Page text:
Propositions to reach an effective CAP and CMO
During the last CAP negotiations, both the Committee of Regions and the European Parliament made propositions to amend the CAP and CMO and address the issues that we’ve discussed. They insist that while ensuring stable livelihoods to European farmers, the EU should also meet the UN Sustainable Development Goals and EU’s policy coherence for development. To do so, the CAP should promote the development of sustainable and prosperous family farming in developing countries, which helps maintain rural populations and ensures the security of their food supplies. To reach this goal, I highlight here below some proposed changes that would be crucial to create a robust framework ensuring robust regulated markets :
- EU agricultural and food products should not be exported at prices below European production costs.
- Member States should include interventions for crisis prevention and risk management in every sector of their strategic plans.
Where the market prices fall below a certain flexible threshold that is indexed to average production costs and set by the European market observatory for the sector concerned, the European Commission shall implement support measures for producers in the sector concerned who, over a specified period, voluntarily reduce their deliveries compared to the same period in the previous year. The current volume reduction scheme, granting aid to dairy farmers who voluntarily produce less in times of severe market imbalances, should be extended to all agricultural sectors. Later on, those schemes should evolve by permitting obligatory cuts when crises worsen. The European Milk Board has already developed a Market Responsibility Programme proposing voluntary reductions in milk production in case of a price crisis, followed by obligatory cuts if necessary.
- The list of products eligible for public intervention should be extended to new products: white sugar, sheep meat, pig meat and chicken. Public intervention should be open for all eligible products throughout the whole year, not only for specified periods.
- In order to maintain fair competition and ensure reciprocity, the EU should enforce production standards consistent with those established for its own producers. Import of agri-food products from third countries should only be allowed if they comply with standards and obligations applying to the same products in the EU, in particular in the field of environmental and health protection.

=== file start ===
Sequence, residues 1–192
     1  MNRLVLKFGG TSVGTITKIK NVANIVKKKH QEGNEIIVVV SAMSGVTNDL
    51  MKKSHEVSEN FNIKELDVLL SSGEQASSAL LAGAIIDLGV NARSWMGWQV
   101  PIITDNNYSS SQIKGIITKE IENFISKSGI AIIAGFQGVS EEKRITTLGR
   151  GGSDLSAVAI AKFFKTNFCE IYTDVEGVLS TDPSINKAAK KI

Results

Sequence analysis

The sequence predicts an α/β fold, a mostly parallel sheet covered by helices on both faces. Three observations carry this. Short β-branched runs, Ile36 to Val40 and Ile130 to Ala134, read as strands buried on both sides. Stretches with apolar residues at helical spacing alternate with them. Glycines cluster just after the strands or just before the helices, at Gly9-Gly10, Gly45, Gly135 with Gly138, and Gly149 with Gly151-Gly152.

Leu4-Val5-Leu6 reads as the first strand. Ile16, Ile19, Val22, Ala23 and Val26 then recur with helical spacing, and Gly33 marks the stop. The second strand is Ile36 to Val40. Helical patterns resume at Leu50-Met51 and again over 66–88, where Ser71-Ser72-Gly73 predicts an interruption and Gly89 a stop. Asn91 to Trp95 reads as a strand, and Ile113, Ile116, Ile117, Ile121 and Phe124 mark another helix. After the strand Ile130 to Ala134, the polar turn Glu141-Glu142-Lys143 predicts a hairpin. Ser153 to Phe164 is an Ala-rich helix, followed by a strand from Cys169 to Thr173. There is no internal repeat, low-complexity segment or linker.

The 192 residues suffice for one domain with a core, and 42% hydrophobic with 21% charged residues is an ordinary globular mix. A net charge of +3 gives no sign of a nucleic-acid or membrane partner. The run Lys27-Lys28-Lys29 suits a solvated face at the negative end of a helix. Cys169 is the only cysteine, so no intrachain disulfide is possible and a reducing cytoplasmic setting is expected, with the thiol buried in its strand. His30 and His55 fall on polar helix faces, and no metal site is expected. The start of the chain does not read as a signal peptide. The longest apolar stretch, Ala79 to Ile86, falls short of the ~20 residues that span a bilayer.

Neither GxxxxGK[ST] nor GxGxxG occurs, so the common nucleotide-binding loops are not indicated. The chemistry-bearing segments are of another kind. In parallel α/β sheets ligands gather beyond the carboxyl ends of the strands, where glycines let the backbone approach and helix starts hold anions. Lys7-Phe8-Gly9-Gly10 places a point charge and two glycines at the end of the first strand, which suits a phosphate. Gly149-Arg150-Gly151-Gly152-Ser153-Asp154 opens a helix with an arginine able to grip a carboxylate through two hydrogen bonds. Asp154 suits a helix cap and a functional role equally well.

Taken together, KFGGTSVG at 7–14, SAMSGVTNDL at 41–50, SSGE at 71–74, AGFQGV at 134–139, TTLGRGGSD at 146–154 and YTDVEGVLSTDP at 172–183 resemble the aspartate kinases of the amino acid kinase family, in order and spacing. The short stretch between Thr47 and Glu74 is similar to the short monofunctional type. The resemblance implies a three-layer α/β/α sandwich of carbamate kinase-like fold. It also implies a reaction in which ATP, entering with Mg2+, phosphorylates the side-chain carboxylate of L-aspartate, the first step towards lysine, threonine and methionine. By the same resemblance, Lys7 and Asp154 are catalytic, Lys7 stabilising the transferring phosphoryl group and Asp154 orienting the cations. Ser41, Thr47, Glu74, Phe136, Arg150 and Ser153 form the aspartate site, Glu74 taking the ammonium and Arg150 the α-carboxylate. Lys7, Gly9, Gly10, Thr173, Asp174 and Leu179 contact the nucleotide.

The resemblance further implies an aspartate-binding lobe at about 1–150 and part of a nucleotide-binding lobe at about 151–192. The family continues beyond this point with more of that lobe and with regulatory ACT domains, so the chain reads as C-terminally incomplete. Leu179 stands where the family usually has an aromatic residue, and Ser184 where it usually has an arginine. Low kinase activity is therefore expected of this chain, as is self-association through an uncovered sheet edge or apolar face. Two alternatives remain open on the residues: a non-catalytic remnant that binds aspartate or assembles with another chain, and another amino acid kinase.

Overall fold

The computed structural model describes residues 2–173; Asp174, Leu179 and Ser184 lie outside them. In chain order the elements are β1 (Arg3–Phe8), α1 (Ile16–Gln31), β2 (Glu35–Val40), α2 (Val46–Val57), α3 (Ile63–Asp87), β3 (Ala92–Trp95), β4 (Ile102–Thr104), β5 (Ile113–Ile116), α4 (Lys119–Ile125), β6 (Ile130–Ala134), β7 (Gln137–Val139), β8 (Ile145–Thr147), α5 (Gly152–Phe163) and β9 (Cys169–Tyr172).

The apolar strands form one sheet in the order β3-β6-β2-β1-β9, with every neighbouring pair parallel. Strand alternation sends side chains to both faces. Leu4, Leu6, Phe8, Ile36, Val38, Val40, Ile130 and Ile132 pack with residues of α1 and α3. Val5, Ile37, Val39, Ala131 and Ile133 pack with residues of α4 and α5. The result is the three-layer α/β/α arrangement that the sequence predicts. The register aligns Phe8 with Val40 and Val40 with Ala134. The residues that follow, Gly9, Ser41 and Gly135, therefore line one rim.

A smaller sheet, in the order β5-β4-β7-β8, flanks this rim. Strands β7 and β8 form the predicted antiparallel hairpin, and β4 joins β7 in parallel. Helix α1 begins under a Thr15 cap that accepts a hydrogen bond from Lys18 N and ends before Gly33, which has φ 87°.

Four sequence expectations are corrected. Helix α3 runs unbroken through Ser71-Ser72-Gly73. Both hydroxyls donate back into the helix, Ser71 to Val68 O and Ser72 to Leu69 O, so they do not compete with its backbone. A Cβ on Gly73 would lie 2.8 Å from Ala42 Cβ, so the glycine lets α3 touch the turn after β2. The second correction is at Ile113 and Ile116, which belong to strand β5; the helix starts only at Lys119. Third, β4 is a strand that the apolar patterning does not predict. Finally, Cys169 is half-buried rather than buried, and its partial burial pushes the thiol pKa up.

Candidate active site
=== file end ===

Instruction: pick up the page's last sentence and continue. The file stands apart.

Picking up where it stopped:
Introduction to part 2
First of all, even though these are good proposals, they mostly didn’t make it to the final CAP text or are not yet part of the multilateral trade policy. Moreover, some environmental measures such as the reciprocity of norms induce questioning on effects that they could have on third countries and their compliance with WTO rules. In the second part of this series, I will focus on the Farm to Fork Strategy and, building on the above proposals, highlight the changes that would be needed in trade policy and CAP to make them effective and fair to farmers, the environment and food security inside and outside the EU.
Guus Geurts studied Environmental Policy, is a publisher (author, photographer of World Food – Pledge for a Just and Environmental Friendly Food Supply (Dutch)), and campaigner in EU agriculture and trade policy. He is the coordinator of the Agriculture coalition for Just Trade (farmers’ organizations) and is involved with the Platform Aarde Boer Consument, Voedsel Anders NL, the Handel Anders!- the coalition and Working group Food Justice (all established in the Netherlands) and the (international) Seattle to Brussels network.
→ Read part 2 of the “A Just and Green CAP and Trade Policy in and Beyond the EU” series here.
 https://www.rli.nl/sites/default/files/infographic_1_-_veranderingen_europees_landbouwbeleid_in_vogelvlucht.png and https://slideplayer.com/slide/13041189/
 Exceptions to this are vegetable protein and oils. In 1962 the US forced the EU to lower import tariffs to zero on oil-seeds/cakes (mainly soy) and grain substitutes such as maize gluten. Import tariffs on soy are still zero.
 https://grain.org/fr/article/entries/212-trade- and https://www.iatp.org/sites/default/files/Food_Sovereignty_in_the_Era_of_Trade_Liberaliz.htm
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This article is produced in cooperation with the
Heinrich Böll Stiftung European Union.